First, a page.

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Public Benefits in a Nutshell

Public benefits are basically two types: financial means tested or non-financial means tested.

Non-Financial Means Tested Public Benefits

If you become unable to work because you become disabled, and if you meet certain ork history & disability requirements, you can apply for SSA disability (SSDI) payments. Later, you receive Medicare health insurance. You could be Bill Gates of Microsoft, who suddenly is physically or mentally unable to work. He could apply for SSDI, and he would also receive Medicare young. How much you receive is based on your work history. There is no financial eligibility. Think of SSDI as your retirement paid young (+ Medicare). See: http://www.ssa.gov/dibplan/index.htm SSA also has a program called the “disabled adult child” (DAC) benefit, which is available when the child’s parent(s) becomes disabled, deceased, or retired. In most cases, the DAC benefits is higher than SSI ($ 721/month in 2014), or higher than the disabled adult child’s SSDI payment, whichever is applicable. The disability must have manifested itself before the age of 22. If DAC is higher than SSI, the SSI is substituted with the DAC financial benefit, but the Medicaid is not lost, if the disabled adult child were on Medicaid. Medicaid becomes secondary to Medicare as Medicare is the DAC health insurance benefit. See: http://www.ssa.gov/dibplan/dqualify10.htm#age22

Financial Means Tested Public Benefits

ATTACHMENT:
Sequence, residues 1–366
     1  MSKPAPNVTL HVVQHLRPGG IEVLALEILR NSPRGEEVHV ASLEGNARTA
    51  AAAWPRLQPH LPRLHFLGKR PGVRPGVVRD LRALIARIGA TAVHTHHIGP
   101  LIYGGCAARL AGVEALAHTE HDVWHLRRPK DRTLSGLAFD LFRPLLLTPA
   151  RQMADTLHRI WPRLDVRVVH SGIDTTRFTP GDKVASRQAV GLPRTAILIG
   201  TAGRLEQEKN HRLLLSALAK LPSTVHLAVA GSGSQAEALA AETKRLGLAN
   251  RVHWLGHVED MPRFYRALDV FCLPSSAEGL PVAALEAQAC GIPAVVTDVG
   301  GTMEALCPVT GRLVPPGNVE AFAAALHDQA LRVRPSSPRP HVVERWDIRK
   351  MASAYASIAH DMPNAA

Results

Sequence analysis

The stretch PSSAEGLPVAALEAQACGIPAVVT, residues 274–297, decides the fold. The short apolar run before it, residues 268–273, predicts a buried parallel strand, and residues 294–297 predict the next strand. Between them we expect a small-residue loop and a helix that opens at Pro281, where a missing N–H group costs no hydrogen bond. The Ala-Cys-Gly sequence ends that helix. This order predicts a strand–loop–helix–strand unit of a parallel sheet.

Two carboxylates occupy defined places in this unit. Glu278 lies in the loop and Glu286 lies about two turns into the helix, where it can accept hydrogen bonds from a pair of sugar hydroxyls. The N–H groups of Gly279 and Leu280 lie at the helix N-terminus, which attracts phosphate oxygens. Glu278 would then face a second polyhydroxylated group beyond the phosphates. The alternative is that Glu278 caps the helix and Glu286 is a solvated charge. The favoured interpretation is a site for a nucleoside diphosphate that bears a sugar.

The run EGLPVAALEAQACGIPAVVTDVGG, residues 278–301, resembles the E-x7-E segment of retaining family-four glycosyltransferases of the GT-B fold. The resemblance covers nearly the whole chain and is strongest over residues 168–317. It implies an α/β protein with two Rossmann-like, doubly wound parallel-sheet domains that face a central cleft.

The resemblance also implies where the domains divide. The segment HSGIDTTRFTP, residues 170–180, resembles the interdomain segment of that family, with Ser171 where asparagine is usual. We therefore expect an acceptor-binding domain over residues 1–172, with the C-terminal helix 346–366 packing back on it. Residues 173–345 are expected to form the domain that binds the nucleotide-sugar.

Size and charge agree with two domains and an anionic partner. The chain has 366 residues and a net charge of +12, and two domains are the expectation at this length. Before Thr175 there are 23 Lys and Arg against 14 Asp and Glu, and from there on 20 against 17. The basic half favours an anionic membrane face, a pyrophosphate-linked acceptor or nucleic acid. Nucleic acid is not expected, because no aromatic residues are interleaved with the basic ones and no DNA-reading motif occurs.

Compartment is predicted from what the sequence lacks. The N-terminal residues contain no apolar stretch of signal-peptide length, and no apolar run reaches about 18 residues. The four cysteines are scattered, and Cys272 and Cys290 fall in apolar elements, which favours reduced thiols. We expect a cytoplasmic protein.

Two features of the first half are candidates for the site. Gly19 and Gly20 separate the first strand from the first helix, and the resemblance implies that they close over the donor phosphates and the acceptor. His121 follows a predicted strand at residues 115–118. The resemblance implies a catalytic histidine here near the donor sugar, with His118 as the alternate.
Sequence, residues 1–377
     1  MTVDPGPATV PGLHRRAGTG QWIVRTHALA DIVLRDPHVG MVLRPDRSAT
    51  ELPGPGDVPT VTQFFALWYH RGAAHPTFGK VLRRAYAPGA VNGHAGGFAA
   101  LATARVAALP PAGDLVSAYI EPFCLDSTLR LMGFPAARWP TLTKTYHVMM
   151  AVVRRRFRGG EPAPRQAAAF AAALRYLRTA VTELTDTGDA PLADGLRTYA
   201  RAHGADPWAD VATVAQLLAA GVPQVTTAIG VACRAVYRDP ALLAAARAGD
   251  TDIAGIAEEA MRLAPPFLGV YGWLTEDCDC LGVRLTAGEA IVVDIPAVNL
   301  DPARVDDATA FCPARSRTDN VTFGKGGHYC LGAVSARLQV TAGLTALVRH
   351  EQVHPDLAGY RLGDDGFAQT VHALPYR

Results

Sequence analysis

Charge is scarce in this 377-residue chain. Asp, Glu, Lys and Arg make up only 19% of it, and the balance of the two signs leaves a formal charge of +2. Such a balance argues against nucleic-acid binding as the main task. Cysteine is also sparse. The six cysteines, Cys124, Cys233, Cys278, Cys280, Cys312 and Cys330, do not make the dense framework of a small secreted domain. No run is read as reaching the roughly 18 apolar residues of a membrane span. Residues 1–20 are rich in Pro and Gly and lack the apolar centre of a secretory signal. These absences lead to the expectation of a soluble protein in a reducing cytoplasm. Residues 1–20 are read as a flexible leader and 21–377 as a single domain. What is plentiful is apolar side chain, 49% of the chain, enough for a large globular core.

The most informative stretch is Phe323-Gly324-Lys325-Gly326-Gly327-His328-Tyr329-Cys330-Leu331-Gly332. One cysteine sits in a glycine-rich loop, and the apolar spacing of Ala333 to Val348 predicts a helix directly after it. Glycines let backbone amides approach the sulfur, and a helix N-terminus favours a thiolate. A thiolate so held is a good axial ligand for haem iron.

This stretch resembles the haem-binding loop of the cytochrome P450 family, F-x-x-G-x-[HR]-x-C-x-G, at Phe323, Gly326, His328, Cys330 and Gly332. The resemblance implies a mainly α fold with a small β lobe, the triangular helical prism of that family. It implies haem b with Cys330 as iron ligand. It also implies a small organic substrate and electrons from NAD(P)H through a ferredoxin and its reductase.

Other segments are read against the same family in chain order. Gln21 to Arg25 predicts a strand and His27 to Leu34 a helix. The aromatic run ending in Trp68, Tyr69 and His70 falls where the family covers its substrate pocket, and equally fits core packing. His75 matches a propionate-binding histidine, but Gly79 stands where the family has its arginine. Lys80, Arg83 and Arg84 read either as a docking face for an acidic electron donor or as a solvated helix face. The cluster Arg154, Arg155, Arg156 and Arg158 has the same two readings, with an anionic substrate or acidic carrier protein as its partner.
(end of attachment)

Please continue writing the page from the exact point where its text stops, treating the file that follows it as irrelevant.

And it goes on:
SSI is a government cash benefit to disabled persons of any age who are indigent. If eligible, the individual receives Medicaid (not Medicare) health insurance. While a disabled child is under 18 and living with their parents, the parents’ income and assets are “deemed” to the child - in other words, the income & assets of the parents are treated as if they were the disabled child’s income & assets. That is why most disabled children living at home are ineligible for SSI until they are 18 years of age. Then, the child’s financial status is analyzed to see if eligible for SSI.

See: http://www.ssa.gov/ssi/ 
See also: http://www.ssa.gov/ssi/text-eligibility-ussi.htm

Some disabled persons may be financially ineligible for SSI, but could be financially eligible for Medicaid health insurance (MEDS-AD) and/or for the Medicaid waiver. The SSI “deeming” feature is not applicable to Medicaid eligibility.

For Florida’s financial eligibility, go to:
http://www.myflfamilies.com/service-programs/access-florida-food-medical-assistancecashprogram-
policy-manual
(Then click on Appendix A-9).

Submitted by Arlene Lakin, Esq.
7284 W. Atlantic Blvd.
Margate, FL 33063
954/975-5159
E-mail: .(JavaScript must be enabled to view this email address)

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